B. Standards for Injunctive Relief
In order to issue injunctive relief in the District of Columbia, the plaintiff must show: (1) a strong likelihood of success on the merits; (2) that without an injunction, it will be irreparably harmed; (3) that the issuance of the injunction will not substantially harm other interested parties; and (4) that the public interest favors injunction. Virginia Petroleum Jobbers Ass'n v. FPC, 104 U.S. App. D.C. 106, 259 F.2d 921, 925 (1958) (per curiam). "Although the fundamental fairness of preventing irremediable harm to a party is an important factor on a preliminary injunction application, the most compelling reason in favor of entering a Rule 65(a) order is the need to prevent the judicial process from being rendered futile by defendant's action or refusal to act." 11 C. Wright & A. Miller, Federal Practice and Procedure § 2947 (Supp. 1986) (emphasis added).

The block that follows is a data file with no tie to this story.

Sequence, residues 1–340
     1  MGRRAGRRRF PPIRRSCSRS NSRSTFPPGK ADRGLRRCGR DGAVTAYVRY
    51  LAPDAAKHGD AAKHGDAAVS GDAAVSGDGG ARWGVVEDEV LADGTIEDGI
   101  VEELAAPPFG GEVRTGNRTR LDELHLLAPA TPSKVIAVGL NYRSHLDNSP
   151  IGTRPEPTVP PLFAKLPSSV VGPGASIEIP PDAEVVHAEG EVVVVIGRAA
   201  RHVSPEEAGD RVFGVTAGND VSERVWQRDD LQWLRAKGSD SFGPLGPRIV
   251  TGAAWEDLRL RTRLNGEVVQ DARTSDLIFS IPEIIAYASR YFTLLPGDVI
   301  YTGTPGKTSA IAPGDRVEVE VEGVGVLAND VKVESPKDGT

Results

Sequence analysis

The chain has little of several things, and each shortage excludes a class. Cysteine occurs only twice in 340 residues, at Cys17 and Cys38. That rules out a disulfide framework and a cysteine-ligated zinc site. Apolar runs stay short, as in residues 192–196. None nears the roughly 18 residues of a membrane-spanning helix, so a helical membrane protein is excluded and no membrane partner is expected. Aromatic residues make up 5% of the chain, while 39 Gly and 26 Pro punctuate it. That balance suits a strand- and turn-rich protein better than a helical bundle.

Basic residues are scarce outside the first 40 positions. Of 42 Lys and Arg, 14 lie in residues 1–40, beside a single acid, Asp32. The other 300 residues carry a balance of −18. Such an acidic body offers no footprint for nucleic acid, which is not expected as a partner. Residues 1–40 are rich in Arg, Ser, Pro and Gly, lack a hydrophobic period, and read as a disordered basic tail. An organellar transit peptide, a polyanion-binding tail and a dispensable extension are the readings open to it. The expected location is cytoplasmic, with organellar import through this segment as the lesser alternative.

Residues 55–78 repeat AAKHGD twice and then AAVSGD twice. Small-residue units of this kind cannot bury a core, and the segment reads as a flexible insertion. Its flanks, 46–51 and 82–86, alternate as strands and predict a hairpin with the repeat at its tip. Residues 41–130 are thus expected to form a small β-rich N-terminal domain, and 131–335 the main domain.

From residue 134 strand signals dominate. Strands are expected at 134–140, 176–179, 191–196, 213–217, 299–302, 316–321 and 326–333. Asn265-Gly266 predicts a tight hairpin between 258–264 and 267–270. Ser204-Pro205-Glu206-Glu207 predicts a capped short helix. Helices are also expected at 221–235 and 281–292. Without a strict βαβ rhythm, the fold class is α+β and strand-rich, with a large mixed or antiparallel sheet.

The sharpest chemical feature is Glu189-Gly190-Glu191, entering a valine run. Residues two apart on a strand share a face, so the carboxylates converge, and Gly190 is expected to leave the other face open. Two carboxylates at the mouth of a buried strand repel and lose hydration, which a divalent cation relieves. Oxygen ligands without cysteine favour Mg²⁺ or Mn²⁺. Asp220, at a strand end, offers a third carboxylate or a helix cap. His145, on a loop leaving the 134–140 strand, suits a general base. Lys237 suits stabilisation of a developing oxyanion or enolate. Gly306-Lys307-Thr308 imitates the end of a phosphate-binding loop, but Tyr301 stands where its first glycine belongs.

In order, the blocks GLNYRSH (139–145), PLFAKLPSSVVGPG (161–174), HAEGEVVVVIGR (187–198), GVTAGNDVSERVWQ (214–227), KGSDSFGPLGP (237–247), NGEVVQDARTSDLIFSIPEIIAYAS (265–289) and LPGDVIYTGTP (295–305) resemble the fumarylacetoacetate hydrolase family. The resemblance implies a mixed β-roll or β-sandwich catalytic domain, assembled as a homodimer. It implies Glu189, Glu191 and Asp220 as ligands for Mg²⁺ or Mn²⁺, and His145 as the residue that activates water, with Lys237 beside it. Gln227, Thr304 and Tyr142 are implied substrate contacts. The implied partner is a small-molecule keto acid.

1. Likelihood of Success on the Merits